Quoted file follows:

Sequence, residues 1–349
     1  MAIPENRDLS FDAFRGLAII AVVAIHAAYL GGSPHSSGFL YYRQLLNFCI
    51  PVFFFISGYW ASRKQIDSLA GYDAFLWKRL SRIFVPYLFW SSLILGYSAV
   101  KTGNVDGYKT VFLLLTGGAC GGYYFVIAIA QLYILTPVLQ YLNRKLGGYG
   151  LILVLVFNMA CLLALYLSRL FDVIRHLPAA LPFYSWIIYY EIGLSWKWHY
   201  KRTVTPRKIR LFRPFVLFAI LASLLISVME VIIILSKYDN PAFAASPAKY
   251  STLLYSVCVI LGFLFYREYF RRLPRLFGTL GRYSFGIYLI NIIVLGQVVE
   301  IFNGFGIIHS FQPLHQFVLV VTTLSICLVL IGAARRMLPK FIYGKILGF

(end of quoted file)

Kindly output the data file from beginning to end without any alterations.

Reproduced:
Sequence, residues 1–349
     1  MAIPENRDLS FDAFRGLAII AVVAIHAAYL GGSPHSSGFL YYRQLLNFCI
    51  PVFFFISGYW ASRKQIDSLA GYDAFLWKRL SRIFVPYLFW SSLILGYSAV
   101  KTGNVDGYKT VFLLLTGGAC GGYYFVIAIA QLYILTPVLQ YLNRKLGGYG
   151  LILVLVFNMA CLLALYLSRL FDVIRHLPAA LPFYSWIIYY EIGLSWKWHY
   201  KRTVTPRKIR LFRPFVLFAI LASLLISVME VIIILSKYDN PAFAASPAKY
   251  STLLYSVCVI LGFLFYREYF RRLPRLFGTL GRYSFGIYLI NIIVLGQVVE
   301  IFNGFGIIHS FQPLHQFVLV VTTLSICLVL IGAARRMLPK FIYGKILGF